After all, we weren’t actually DOING anything!
Sometimes the most effective solutions come from BEING, not doing.
Minding your thoughts
What were you thinking when you grabbed the chocolate bar from the vending machine in the middle of the afternoon during an impossibly frantic day at work?
Was it ‘Just one won’t hurt’ or ‘I deserve it’ like I used to tell myself or maybe you were longing for that burst of energy you desperately needed to power through?
Without mindfulness that little voice in our heads can sabotage the best of intentions.
I seemed particularly susceptible in the morning with ‘It’s too cold’ or ‘I’m too tired’ or ‘Five more minutes’ being preludes to yet ANOTHER missed morning exercise session.
The first step is being aware of your thoughts, as we talked about earlier, particularly at your moments of decision
As we become more mindful of our thoughts, we can simply observe them and allow them to come and go without engaging with them or allowing them to influence our behaviour.
Sometimes replacing the thought with an alternative one can help. For instance, ‘I deserve that chocolate bar’ might become ‘My body deserves to be nurtured with healthy food’.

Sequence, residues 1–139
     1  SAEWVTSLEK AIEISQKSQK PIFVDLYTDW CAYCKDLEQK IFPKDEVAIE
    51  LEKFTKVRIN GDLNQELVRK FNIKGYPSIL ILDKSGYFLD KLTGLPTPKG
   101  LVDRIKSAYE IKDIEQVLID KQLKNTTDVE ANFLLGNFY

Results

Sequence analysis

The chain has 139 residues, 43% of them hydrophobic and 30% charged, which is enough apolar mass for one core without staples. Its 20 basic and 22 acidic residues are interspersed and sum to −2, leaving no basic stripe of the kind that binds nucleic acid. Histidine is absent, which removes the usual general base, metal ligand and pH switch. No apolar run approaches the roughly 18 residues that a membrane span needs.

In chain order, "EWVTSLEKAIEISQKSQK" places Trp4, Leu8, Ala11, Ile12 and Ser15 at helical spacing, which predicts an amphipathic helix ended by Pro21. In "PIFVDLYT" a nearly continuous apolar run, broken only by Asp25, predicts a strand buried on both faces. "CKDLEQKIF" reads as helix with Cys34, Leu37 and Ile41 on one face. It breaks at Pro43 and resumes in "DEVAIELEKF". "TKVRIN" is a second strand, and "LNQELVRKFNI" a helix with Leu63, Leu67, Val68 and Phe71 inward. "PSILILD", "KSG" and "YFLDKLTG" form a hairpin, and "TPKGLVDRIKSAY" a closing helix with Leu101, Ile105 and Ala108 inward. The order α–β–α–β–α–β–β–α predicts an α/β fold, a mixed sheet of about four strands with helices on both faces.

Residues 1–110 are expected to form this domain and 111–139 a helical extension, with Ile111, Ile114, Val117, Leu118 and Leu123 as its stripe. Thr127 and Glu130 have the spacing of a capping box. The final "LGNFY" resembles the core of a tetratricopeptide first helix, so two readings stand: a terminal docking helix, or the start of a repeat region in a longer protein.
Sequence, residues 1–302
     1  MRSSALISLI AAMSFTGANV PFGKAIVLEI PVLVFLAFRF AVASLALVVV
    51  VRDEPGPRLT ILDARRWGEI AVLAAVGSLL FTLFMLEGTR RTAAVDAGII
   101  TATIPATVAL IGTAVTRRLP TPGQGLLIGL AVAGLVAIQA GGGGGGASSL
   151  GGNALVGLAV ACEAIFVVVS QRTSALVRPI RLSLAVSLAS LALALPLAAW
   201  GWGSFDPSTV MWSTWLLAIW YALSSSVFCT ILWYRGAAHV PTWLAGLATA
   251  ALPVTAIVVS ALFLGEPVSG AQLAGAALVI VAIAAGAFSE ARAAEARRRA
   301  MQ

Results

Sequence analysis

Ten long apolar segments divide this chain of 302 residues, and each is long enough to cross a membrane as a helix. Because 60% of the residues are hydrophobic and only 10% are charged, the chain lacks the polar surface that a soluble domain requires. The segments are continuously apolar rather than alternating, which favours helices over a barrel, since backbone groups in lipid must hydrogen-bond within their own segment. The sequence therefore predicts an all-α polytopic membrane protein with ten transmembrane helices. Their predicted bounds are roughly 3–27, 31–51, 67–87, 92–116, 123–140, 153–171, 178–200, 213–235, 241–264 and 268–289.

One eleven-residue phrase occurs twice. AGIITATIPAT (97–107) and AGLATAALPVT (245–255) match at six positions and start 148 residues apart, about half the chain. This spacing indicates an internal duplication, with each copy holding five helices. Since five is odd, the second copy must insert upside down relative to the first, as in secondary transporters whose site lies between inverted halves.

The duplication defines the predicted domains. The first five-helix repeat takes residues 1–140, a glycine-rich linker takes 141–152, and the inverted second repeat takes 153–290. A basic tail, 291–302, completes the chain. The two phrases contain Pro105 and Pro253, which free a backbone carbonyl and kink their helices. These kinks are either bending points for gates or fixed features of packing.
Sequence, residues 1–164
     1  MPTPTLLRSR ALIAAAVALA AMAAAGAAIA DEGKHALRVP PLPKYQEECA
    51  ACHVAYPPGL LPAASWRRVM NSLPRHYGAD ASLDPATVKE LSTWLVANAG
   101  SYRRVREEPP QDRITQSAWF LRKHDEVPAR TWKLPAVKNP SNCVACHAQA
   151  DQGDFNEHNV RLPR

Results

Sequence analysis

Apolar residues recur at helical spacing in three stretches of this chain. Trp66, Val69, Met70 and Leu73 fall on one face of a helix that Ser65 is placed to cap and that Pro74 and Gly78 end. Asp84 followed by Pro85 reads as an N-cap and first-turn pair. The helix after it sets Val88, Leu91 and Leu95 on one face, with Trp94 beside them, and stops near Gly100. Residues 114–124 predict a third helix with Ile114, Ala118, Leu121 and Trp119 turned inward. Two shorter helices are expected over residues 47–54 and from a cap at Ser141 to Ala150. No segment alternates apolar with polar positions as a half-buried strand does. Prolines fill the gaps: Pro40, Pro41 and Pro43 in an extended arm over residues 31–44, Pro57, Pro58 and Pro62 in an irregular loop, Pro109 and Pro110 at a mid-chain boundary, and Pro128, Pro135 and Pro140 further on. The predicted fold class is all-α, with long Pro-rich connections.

At other times, that wonderful Nike slogan, Just Do It (or JFDI for added emphasis) couldn’t be more perfect!
How, then, can mindlessness help?
Some of the best strategies involve restructuring our environment so we mindlessly make healthier choices.
Brian Wansink, PhD, author of Mindless Eating and Slim By Design and also the lead author of over 200 academic articles and books on eating behaviour says,
‘For 90 percent of us, the solution to mindless eating is not mindful eating – our lives are just too crazy and our willpower too wimpy.’
Instead, implementing strategies such as using smaller plates, keeping unhealthy snacks out of sight and the fruit bowl in plain view, make it more inconvenient for us to make unhealthy choices.
Rearranging your cupboards and refrigerator so that the first food items you see are healthy pays dividends. In one experiment those who moved their fruits and veggies from the crisper bin in the fridge to the top shelf and banished unhealthier items to the crisper ate nearly three times as many fruit and vegetables!
The research is extraordinary. I talk about the effectiveness of tiny changes all the time but this takes it to a whole new level.
It happens naturally and one or two changes can make a huge difference over time.
So there you have it, mindfulness and a dose of mindlessness – beautiful tools to bring more health and happiness into your life.
Let me know in the comments – what is one tip you can implement today in YOUR life?